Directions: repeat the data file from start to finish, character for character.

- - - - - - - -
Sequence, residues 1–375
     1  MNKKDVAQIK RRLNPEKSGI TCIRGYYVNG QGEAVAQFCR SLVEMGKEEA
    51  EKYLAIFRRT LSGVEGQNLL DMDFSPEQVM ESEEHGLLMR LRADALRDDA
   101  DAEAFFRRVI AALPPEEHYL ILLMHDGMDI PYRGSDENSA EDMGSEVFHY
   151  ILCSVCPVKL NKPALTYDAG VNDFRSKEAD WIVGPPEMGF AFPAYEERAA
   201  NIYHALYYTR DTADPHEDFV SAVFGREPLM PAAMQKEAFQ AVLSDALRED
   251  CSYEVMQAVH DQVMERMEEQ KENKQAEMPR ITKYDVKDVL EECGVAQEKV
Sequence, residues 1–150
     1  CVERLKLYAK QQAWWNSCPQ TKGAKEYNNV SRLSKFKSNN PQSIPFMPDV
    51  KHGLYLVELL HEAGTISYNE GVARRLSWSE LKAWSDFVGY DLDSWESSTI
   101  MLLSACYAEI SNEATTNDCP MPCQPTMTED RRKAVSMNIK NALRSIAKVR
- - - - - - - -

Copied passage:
Sequence, residues 1–375
     1  MNKKDVAQIK RRLNPEKSGI TCIRGYYVNG QGEAVAQFCR SLVEMGKEEA
    51  EKYLAIFRRT LSGVEGQNLL DMDFSPEQVM ESEEHGLLMR LRADALRDDA
   101  DAEAFFRRVI AALPPEEHYL ILLMHDGMDI PYRGSDENSA EDMGSEVFHY
   151  ILCSVCPVKL NKPALTYDAG VNDFRSKEAD WIVGPPEMGF AFPAYEERAA
   201  NIYHALYYTR DTADPHEDFV SAVFGREPLM PAAMQKEAFQ AVLSDALRED
   251  CSYEVMQAVH DQVMERMEEQ KENKQAEMPR ITKYDVKDVL EECGVAQEKV
Sequence, residues 1–150
     1  CVERLKLYAK QQAWWNSCPQ TKGAKEYNNV SRLSKFKSNN PQSIPFMPDV
    51  KHGLYLVELL HEAGTISYNE GVARRLSWSE LKAWSDFVGY DLDSWESSTI
   101  MLLSACYAEI SNEATTNDCP MPCQPTMTED RRKAVSMNIK NALRSIAKVR